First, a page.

Hello, and Merry Christmas! Please forgive me for not posting in a while, but I’ve only just climbed my way out of a mountain of crumpled wrapping paper and cheese. You know how it is.
Anyway, now that we’re in that bit between Christmas and New Year, I’m observing the green shoots of goals and resolutions poking through on the blogs and newsletters. I’ll be adding to that in the next few days.
In the meantime, this blog post is for all the people who’ve asked me what I do this year, and on hearing that I write books (I’m prepared to admit it now), have said ‘Oh, I’d love to do that.’ Here, for your delectation, is some start-up writing advice from people who write books.
What’s the one piece of advice you’d give someone wanting to write?
M Black, paranormal author: I’d tell them to think of anything else they would rather be doing, something else they love more and do that. If they are still here, then write. Write. Write. Get something on the page, tweak it. You get better with time and don’t be too hard on yourself. Oh, and have a day job 😉
Ruth White, multi-genre author: Get started. Now you are over the most difficult hurdle. Unfortunately, you have to get started every day. Force yourself to write one sentence, no matter how sloppy. Then you will find yourself editing that sentence, and adding something to it, and you’re on your way.
Kyla Stone, contemporary and children’s/YA author: Don’t give up! And work as hard as you can to be the best that you can. The best way to improve your writing is to 1) read at least an hour or two a day in a wide variety of genres (but especially the one(s) you’re writing in). 2) Write for a few hours a day at least five days a week, and 3) Read books on writing craft. Seriously, the above strategies can teach you more than a $50,000 MFA.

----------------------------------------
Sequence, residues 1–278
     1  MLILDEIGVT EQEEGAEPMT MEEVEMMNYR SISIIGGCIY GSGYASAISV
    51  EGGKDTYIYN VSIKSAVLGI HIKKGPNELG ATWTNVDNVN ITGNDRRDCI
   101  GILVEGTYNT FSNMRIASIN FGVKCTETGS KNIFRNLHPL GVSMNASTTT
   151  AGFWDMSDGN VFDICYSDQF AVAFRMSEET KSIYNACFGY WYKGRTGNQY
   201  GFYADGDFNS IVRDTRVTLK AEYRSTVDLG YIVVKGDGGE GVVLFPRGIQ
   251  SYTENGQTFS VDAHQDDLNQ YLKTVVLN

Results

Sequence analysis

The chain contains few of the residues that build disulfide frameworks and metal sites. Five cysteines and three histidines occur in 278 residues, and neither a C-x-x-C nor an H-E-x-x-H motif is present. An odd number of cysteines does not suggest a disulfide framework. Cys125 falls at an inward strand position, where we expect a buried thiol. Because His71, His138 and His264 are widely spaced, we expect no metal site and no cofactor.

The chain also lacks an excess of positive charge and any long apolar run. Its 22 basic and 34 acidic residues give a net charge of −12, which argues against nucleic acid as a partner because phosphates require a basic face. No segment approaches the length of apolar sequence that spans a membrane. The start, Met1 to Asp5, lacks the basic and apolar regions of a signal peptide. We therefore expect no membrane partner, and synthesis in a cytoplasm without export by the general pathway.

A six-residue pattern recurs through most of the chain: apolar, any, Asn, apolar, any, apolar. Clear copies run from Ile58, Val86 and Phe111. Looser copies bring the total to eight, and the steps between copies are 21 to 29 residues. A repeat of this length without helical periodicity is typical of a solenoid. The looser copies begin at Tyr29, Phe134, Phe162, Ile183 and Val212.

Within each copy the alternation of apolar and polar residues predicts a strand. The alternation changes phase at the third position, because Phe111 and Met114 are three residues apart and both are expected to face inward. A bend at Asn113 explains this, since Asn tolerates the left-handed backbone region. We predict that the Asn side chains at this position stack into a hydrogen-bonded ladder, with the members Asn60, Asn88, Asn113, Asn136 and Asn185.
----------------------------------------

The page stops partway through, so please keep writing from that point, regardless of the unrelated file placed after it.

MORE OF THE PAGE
Marissa Marchant, romance and children’s author: As I am also an aspiring writer and still learning the ropes in self-publishing my work, research as much as you can. Write what you love and don’t rush. Take your time in writing it. Don’t worry about spelling and sentence fragments and plot holes and grammar. Once you have an idea, just get your story down. You can edit it later. Never give up. In other words, Don’t Stop Believin’.
JP Cawood, science fiction and fantasy author: Don’t be afraid of what other people will think of your writing. Don’t let other people’s imagined opinions be your stumbling block.
Kay L Ling, fantasy author: Become a more observant reader. Study your favorite authors and note the writing skills that set their books apart. See if you need improvement in those areas.
L Virelli, women’s fiction and memoir author: Join a writer’s critique group that has guidelines for authors to follow. It helped me immensely.
Luke Christodoulou, mystery author: Just go for it. Doubt is a killer. Dive in and keep going until you have a finished novel staring back at you!
Joynell Schultz, speculative fiction author: I have simple advice really. Stick with it. Write and read every day and have thick skin when receiving feedback.
Bill Hiatt, urban fantasy/paranormal author: Be persistent. Getting the recognition you deserve will be difficult at best. Success comes to those who are willing to “hang in” no matter what. Occasionally someone’s first novel will take the world by storm, but most of the time success in this field, as in most creative fields, comes from painstaking ongoing content creation, accompanied by brand-building efforts.
There you go. Heaps of advice, some quite different from others, but all of it has worked. Despite the differences, you’ll note the common theme, which is Start. So if you’re one of those people who have always wanted to write, you know what to do 😉 If you know someone who says that, float this blog post their way. And if you have your own advice on starting to write, please add it in the comments!
All the authors featured here have a new book out (some on discount). To browse, click on the genres that interest you below. Happy reading!